Friday, August 05, 2016

Korea bound: Missional Conversation in Seoul

korea I am in Korea from 6-17 August doing a range of things, all work related. First, I am engaging with the partner churches of the Presbyterian Church of Aotearoa New Zealand. This will involve meeting with representatives from Presbyterian University Theological Seminary, the seminary of Presbyterian Church in the Republic of Korea (PROK), the urban mission program of Presbyterian Church of Korea (PCK), and the assembly office of PCK and PROK. I will be interviewed by Christian Broadcasting media.

In addition, I am meeting with two groups of ministers who have read the Korean translation of my “Out of Bounds Church?” book. This includes the person who translated my first book, The Out of Bounds Church?: Learning to Create a Community of Faith in a Culture of Change into Korean, back in 2006. This for me will be a highlight. (Yes, I’ve got a gift for him, a copy of my second book – hint! hint! :))

Second, I am presenting two academic papers at International Association of Mission Studies (IAMS). The theme is Conference theme: Conversions and Transformations: Missiological Approaches to Religious Change. This conference happens every four years and I’m delighted to be able to present two papers: both on the implications for conversation of indigenous Pacific Rim Christologies.

Title: “regard as valuable”: Missiological approaches to the “Silence” of religious change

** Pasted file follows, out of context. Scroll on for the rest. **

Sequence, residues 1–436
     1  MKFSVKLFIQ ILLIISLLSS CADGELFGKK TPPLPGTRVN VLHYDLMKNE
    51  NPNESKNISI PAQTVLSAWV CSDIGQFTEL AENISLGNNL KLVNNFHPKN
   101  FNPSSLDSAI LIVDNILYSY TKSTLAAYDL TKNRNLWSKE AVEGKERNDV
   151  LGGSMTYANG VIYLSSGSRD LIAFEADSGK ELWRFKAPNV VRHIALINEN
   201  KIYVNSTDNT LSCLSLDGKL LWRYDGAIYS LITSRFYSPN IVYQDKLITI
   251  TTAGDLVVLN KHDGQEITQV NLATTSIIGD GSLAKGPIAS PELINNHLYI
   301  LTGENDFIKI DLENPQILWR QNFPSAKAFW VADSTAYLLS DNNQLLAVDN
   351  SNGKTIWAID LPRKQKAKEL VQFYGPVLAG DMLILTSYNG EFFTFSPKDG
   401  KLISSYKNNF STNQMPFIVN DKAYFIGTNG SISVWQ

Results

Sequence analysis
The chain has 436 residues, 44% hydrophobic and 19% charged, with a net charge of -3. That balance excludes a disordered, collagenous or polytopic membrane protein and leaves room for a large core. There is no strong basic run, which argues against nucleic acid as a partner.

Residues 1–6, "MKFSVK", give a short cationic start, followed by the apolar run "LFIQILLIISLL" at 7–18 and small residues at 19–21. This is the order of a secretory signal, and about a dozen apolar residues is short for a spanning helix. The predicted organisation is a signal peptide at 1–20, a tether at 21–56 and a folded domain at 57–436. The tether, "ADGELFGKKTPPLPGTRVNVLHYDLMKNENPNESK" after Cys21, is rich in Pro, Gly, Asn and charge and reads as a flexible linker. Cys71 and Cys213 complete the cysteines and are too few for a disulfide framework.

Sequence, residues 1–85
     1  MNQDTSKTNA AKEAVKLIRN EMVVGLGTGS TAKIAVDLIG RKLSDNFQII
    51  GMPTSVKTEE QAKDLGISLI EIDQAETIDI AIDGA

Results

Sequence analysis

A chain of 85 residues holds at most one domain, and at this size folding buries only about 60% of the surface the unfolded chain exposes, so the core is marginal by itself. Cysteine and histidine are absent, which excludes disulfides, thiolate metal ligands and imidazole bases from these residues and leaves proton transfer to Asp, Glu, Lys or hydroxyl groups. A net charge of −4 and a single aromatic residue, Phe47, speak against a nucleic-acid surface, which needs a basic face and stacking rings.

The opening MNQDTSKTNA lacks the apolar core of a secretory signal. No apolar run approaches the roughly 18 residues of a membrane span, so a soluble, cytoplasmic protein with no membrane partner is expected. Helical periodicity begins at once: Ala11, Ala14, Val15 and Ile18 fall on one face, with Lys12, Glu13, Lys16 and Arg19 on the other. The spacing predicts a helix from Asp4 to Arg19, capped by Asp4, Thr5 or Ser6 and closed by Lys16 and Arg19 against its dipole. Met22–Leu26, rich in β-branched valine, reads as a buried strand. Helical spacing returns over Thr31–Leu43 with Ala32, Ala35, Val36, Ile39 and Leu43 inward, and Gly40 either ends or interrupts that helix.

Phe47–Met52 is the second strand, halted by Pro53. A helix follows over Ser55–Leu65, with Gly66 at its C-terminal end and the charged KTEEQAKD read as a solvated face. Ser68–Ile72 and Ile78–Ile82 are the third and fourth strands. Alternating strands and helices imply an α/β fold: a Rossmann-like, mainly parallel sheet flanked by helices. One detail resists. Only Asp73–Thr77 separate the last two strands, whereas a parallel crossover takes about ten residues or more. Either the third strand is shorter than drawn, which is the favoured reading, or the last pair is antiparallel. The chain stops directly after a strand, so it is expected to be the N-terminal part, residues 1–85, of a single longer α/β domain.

Accounts of conversion and transformation within the Christian tradition are often linked to narratives of success and expansion. Yet a truthful missiology needs to engage the entirety of the Christian story. Silence: A Novel is a historical novel that offers an absorbing, albeit bleak, meditation on the inability of the seventeenth century Jesuit mission to establish religious change on Japanese soil.

The book is currently being made into a movie. Directed by Martin Scorsese and due for release in 2016, it will undoubtedly rekindle debate regarding conversion and transformation, including how to understand the mission in the gaps and silences of history.

This paper will examine three missiological approaches. First, the work of Donald McGavran who has argued that lack of success in conversion and transformation is due to the strategies being deployed, particularly a lack of resources focused on evangelism. Second, the work of David Bosch who has argued that suffering is at the core of Christian mission and that silence can be an evangelistic action. Third, the work of Philip Jenkins who has argued that the Christian understanding of Easter, in both death and resurrection, is a more Christian paradigm for understanding religious change than that of progress.

Each of these missiological approaches to religious change will be applied to Silence, both the novel and movie (if released in time). The argument is that missiological approaches that speak of silence are consistent with the Apostle Paul, who asks the church in Philippi to “regard as valuable” the story of Epaphroditus.


Title: Fiction as missiology: an appreciation of religious change in Drusilla Modjeska’s “The Mountain”